That is quite a difference in metrics to measure, so before you open the champagne, you want to make sure the link contains what the label says.

Look at the link in its purest form

Apart from the domain, you also want to take a look at the link itself. The most obvious thing to look at is the anchor text which in most cases will probably be your brand name. If you see it being misspelled or the journalist has used an anchor you would not want to be associated with your brand, you should contact them and ask for it to be changed.

You also want to determine whether the link is a follow or nofollow link as this is in most cases something you want to include in your link building report. The easiest way to find this is in the source code of the page which you can access via CTRL+U or right click on your mouse and select “view source”. Via the usual search functionality in the browser (CTRL+F) you can find the anchor text on your link. We can use an example of a recent article published by Forbes that references many authoritative websites.

Code snippet that shows nofollow links.

We can see links to websites like the BBC, New York Times and Boston Globe. A link always has the following format:

<a href=”URL”>anchor text</a>

Everything else that might be added to it provides additional information. In the above example, we can see: target=”_blank” which simply means that this link opens in a new window.

What we want to look at is the rel=”nofollow” as this means that it is a nofollow link. Please note that there is no specific markup for a follow link, the absence of “nofollow” usually means that it is a follow link.

Other things you want to look out for is a rel=”sponsored” or all forms of tracking code on the link as those usually indicate sponsored or paid links and do not provide much value for SEO.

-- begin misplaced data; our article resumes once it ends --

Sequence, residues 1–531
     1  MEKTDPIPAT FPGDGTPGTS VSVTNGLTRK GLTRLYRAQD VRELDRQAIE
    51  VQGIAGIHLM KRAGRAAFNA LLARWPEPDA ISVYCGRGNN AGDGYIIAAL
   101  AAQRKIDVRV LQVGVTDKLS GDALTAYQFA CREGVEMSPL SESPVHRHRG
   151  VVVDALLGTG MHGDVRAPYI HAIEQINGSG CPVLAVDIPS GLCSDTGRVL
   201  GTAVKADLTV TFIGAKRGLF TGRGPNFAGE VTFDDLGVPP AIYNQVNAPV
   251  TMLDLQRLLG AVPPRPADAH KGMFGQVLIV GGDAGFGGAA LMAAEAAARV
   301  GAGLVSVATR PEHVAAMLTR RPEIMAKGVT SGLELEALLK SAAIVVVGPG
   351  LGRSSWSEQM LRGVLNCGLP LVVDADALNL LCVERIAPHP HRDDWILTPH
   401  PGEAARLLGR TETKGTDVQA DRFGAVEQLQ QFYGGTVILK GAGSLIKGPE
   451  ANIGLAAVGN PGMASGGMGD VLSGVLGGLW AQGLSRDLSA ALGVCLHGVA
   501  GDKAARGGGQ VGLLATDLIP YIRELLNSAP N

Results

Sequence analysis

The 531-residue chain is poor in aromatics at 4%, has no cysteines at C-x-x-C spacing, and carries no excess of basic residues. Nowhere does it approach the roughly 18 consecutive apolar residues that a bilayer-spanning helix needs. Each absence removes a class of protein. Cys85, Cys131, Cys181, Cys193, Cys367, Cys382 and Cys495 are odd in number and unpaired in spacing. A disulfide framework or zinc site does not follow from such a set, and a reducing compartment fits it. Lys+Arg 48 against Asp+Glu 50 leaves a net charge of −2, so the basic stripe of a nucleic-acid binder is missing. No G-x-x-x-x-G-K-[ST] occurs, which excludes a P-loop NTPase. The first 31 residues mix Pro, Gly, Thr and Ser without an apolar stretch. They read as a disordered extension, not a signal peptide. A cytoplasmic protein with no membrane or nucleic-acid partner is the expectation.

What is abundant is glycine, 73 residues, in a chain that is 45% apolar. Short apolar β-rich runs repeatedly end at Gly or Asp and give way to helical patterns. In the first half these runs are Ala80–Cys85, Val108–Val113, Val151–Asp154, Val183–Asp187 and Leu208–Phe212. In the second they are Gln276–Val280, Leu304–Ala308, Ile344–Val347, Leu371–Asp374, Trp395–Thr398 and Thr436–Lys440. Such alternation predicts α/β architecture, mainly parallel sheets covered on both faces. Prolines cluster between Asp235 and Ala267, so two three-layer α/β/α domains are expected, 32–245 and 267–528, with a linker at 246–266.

Does Google know about your link?

Another important check to perform is whether the page that links to your website is indexed in Google. If a page is not indexed (even after a few days of it being live) there could be some technical or qualitative issues.

The most obvious would be that the page is orphaned, i.e. not linked to internally on the website. If that is the case, you can bring this up in your communication with the journalist. If it is a legit website, they probably appreciate you informing them about the page being orphaned.

If you want to find out whether a page is indexed or not, you can perform a site search in Google. This is how it would look for the above referenced article in Forbes:

Screenshot of a site search performed in Google.

If the page you are looking for appears as in the above example, everything is fine. The page is indexed. If no results come up, the page is not indexed.

The above are some general health checks that should be performed on any link a digital PR campaign brings, not only for your reporting but also to ensure that the links you attract provide value.

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Writers block: How to find inspiration when you are stuck for content ideas

If we’re being completely honest, we all know these situations. You try to come up with a creative idea but all you end up with is an empty piece of paper. It simply does not flow.

We have all been there and it is part of the creative process to be stuck sometimes. The important thing is knowing how to get out of it and keep the creative juices flowing. What to do? How to spark your creativity when you are feeling uninspired?

Look around you

The easiest way to kickstart the ideation process – and we do that often for creative link building campaigns – is to look at the things others have done. No matter the topic – travel, music, even engineering and mathematics – a lot of content has been created and is just waiting for you to be explored. Google your topic and see what comes up:

Screenshot from Google search for infographics about maths

We bet you did not know that there was a math awareness month. This is where the inspiration starts. Other than a Google search, sources like Pinterest, Instagram and Visually can be used to see what others have done in the past. Now look at this content, identify what resonates with you and why. What have they done that makes the topic work? How could you use it and add a twist?